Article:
©2020 by The Goofy Anatomist

9.4. Trachea and Bronchi
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Features of the Trachea

Tracheal cartilage
These are incomplete rings of hyaline cartilage that are present throughout the length of the trachea. The cartilage is ‘C-shaped’, with the posterior aspect being deficient of cartilage. Instead of cartilage the trachealis muscle is present. The trachealis muscle facilitates the expulsion of air from the trachea by compressing its lumen, e.g. during coughing. This muscle also keeps the trachea open by preventing its collapse during inspiration (and the associated pressure changes), and prevents over-expansion of the trachea.

Bifurcation of the trachea
The trachea bifurcates, or divides into two main/primary bronchi, at an anatomical landmark of hyaline cartilage called the carina. The lies at the same level as the sternal symphysis joint (in fact, the trachea is said to bifurcate in the sternal plane).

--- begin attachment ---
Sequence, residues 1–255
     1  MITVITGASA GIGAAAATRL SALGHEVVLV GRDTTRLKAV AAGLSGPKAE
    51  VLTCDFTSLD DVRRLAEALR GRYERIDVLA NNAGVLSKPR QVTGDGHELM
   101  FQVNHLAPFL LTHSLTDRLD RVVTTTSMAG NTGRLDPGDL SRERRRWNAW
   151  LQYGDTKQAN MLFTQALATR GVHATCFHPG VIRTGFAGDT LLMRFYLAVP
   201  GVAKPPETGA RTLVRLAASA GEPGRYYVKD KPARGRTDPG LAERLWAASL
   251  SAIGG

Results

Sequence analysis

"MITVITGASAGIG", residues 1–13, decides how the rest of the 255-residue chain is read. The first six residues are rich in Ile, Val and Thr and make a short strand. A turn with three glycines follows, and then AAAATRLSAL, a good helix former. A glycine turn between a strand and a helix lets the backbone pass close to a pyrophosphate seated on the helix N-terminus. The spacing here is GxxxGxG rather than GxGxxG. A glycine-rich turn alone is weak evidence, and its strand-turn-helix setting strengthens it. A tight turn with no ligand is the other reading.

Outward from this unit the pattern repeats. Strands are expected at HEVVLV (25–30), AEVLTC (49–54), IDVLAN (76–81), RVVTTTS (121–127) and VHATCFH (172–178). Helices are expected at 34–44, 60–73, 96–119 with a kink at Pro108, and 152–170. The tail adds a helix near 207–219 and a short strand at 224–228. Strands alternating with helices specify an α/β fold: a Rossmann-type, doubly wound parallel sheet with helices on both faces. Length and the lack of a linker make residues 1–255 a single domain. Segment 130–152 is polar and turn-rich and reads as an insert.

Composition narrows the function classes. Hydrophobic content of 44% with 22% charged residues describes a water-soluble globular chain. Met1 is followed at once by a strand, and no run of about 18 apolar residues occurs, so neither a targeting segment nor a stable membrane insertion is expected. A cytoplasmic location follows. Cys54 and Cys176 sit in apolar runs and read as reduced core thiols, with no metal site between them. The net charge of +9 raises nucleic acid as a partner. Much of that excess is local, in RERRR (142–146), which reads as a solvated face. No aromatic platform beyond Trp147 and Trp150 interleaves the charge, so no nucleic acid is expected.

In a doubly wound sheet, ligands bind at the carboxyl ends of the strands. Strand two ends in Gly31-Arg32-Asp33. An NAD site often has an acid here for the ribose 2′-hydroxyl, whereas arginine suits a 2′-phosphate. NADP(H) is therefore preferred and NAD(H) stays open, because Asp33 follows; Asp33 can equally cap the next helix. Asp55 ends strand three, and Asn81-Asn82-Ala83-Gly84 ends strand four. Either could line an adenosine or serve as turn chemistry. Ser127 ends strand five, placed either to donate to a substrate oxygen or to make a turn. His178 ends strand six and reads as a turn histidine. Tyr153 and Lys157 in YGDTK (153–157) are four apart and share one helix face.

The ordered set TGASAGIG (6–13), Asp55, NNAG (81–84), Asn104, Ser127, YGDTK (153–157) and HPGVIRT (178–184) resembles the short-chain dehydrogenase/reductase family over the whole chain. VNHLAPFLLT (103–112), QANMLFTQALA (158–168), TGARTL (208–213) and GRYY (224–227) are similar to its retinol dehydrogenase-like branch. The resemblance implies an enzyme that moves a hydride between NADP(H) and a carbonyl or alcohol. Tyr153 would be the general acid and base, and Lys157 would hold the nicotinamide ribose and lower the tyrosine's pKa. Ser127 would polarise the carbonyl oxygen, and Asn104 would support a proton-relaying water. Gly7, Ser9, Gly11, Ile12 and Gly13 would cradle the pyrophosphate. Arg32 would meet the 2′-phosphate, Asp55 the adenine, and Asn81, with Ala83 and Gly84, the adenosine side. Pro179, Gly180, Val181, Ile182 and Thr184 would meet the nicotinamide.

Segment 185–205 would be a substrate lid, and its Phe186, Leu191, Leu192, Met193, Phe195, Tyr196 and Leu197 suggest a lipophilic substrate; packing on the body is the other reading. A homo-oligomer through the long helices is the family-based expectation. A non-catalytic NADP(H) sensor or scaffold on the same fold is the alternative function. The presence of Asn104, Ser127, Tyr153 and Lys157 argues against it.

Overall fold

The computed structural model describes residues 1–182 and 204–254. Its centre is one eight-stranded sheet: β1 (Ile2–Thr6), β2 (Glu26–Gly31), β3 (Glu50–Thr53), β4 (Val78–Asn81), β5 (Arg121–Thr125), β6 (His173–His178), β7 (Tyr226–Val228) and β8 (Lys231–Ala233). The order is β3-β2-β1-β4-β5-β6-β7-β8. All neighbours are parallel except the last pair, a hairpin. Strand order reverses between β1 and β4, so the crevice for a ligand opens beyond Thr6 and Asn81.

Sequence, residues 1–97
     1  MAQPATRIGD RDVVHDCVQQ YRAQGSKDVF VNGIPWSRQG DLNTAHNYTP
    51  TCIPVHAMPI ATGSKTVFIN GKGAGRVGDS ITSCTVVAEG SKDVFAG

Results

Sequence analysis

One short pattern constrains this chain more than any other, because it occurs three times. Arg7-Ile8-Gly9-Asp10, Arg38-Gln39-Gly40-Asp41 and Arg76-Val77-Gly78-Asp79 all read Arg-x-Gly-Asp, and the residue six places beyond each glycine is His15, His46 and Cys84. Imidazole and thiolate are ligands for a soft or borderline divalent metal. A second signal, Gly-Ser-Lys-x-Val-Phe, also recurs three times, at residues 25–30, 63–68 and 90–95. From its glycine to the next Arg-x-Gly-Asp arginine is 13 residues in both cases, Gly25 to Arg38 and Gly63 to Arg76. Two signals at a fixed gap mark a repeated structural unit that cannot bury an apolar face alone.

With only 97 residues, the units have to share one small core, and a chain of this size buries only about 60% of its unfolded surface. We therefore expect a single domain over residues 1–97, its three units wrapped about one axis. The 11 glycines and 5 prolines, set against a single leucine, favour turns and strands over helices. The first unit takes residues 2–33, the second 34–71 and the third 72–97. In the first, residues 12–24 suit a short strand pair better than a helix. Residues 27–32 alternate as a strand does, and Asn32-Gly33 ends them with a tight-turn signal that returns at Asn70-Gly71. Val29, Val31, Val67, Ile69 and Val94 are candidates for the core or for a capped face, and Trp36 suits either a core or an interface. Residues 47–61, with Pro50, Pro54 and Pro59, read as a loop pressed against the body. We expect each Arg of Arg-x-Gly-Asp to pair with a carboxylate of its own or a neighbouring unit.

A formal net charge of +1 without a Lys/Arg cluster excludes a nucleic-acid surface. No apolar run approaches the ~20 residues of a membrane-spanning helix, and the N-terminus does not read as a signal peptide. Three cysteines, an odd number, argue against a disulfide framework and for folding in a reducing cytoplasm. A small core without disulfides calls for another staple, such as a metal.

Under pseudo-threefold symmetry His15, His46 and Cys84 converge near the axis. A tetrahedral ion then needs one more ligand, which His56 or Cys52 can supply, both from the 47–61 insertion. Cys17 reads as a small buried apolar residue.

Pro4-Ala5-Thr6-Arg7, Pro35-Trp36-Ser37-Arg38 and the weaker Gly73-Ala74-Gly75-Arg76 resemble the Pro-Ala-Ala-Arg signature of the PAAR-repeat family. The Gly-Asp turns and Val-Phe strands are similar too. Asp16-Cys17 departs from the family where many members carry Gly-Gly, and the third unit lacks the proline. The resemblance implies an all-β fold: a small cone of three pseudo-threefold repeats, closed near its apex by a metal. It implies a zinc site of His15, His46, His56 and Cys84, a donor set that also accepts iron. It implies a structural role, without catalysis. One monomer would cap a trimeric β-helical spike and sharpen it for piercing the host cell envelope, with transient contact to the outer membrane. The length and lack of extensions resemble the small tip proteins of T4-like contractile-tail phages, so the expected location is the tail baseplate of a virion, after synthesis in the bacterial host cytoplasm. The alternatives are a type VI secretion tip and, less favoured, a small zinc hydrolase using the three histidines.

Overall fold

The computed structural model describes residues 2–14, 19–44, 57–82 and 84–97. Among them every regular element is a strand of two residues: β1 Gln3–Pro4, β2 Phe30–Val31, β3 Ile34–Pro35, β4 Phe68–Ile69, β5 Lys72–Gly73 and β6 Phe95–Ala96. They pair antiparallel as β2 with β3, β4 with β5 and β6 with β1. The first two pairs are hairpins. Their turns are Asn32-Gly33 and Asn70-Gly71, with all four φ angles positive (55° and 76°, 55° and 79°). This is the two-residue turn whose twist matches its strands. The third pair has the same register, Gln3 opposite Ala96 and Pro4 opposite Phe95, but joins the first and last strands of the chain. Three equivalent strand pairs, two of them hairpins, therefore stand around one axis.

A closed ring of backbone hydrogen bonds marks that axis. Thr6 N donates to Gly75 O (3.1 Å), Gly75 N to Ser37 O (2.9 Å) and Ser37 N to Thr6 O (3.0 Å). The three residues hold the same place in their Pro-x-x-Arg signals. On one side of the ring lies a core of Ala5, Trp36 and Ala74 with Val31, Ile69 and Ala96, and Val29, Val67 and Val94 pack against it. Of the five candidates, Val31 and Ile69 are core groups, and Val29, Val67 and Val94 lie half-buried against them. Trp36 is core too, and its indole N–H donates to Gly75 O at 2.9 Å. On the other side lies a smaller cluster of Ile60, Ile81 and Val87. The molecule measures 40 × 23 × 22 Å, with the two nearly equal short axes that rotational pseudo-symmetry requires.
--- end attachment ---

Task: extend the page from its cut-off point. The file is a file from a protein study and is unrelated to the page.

Features of the Bronchi

Overall, there are three types of bronchi. These are:

1. Primary bronchus
Also called a principal bronchus or a main bronchus. There is one left primary bronchus and one right primary bronchus. The primary bronchus on each side retains the ‘C-shaped’ cartilage that is present in the trachea.

2. Secondary bronchus
Also called a lobar bronchus. These are formed from the dividing of the primary bronchi. Each secondary bronchus supplies one lobe of the lung. As such, on the left there are two secondary bronchi (one superior and one inferior) and on the right there are three secondary bronchi (superior, middle and inferior). Note on the diagram how the right primary bronchus first divides into the superior and middle secondary bronchi, followed by the inferior bronchus branching off the middle bronchus. Note also that the secondary (and tertiary) bronchi have smaller cartilage plates instead of the larger ‘C-shaped’ cartilage rings.

3. Tertiary bronchus
Also called a segmental bronchus. These branch off from the secondary bronchi. The tertiary bronchi each supply a ‘bronchopulmonary segment’ of each lobe. These are described in more detail in Section 9.6.